Improving the quality of education in Peru has proven to be an arduous task, as Nicolas Lynch can attest to firsthand. He has spent the past four months as a public policy scholar at the Wilson Center, writing about the politics of educational reform in Peru and his own futile efforts to transform the system.

Lynch has taught politics and social theory at the University of San Marcos in Lima for the past 26 years and currently is director of the university's Ph.D. program in social science. In 2001, he was appointed minister of education, and entered the post enthusiastic about the opportunity to revamp basic education in his country. He and his team soon launched an educational reform program, one that would provoke the government to oust him one year later.

"The most important challenge to educational reform in Peru is political," Lynch told Centerpoint. "The political cost of launching any social sector reform is high."
Basic education in Peru, for students ages 4–17, is almost universal at the primary school level, and fairly high at the secondary school level as well at nearly 85 percent. "The problem is not the quantity of coverage but the quality of education," said Lynch.

Peru is a nation of 28 million people, 8 million of whom are students. Peru now invests about $230 per student for the nearly 7 million public school students in the country, said Lynch, whereas New York City, for example, invests more than $8,000 per student. Overall, Peru's public school expenditures also are much lower than some of its South American neighbors, including Brazil and Argentina.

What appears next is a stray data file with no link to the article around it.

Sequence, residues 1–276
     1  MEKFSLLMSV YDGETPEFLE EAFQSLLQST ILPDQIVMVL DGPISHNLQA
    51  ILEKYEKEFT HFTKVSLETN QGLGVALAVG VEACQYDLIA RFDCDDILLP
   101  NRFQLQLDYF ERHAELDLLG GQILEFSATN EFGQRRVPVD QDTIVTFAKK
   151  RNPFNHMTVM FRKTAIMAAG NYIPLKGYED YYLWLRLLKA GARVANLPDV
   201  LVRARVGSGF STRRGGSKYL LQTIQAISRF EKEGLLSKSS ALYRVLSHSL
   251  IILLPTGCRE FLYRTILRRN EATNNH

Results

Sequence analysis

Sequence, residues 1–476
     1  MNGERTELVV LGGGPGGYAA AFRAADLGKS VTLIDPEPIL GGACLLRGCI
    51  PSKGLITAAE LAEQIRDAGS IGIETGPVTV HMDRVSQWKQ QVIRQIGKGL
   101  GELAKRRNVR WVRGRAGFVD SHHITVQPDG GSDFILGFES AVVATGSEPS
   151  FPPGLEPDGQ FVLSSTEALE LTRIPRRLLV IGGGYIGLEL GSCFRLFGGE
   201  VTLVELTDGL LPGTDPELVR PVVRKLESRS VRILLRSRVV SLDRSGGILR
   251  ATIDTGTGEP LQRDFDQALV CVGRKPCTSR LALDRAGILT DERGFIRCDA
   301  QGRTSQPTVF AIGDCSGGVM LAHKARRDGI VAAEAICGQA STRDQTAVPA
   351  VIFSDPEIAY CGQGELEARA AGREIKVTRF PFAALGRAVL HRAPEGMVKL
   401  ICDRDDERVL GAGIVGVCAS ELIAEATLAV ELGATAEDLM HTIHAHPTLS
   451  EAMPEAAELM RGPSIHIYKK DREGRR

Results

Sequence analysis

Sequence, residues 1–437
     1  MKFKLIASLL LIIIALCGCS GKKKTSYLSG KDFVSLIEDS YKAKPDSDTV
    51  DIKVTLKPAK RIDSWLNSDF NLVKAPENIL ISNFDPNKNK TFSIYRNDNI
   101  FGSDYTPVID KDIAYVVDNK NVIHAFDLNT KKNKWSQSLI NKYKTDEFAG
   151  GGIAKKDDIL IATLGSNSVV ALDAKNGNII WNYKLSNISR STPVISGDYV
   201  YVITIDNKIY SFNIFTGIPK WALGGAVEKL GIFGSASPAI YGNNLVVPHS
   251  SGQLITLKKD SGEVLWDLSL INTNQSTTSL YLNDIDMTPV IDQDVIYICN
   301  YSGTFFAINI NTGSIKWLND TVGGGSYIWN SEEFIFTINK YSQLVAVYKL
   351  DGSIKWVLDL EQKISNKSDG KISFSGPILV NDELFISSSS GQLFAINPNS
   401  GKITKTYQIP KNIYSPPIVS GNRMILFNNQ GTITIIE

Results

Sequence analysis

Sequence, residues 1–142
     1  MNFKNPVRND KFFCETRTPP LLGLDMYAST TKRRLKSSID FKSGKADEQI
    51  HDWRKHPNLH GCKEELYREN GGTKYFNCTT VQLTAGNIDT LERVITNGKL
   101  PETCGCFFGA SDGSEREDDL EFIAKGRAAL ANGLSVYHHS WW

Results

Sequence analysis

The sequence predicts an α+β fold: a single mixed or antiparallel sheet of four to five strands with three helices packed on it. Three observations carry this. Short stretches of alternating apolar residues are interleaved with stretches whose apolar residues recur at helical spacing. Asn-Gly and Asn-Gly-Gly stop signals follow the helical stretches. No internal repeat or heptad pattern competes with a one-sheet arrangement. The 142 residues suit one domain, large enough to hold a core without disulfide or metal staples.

How do Peruvian students fare compared to their peers around the world? In 2000, UNESCO (the United Nations Educational, Scientific, and Cultural Organization) tested 15-year-old students in 43 countries around the world in math, reading, and scientific literacy. In that exam, the Programme for International Student Assessment (PISA), Peru placed last.

The following year, Lynch became minister of education and, acknowledging the education system was in a state of crisis, launched several new programs. The most important, he said, was one attempting to advance teachers' careers based on merit. He proposed that career advancement and tenure no longer be automatic but rather depend upon teacher testing. While public opinion seemed to support this move, the teacher's union was bitterly divided. Despite some resistance, the plan was partially implemented.

During his year as minister, Lynch and his coalition proposed other programs, including primary education reform in rural areas and another to get Internet access for secondary schools in urban areas.

But in a nation where only 17 percent of the labor force is on the payroll—most Peruvians find work in the informal economy, particularly as vendors—it remains difficult for students to relate education to future employment. Despite this challenge, Lynch spoke of recent efforts to connect secondary education with vocational training.

Ironically, education is the top line item in Peru's national budget. "But politicians don't care about the state of the system," said Lynch. "They care about the promise to build new schools, and create new positions and elevate salaries for teachers—all promises they cannot fulfill. There is great need for a political force to produce change."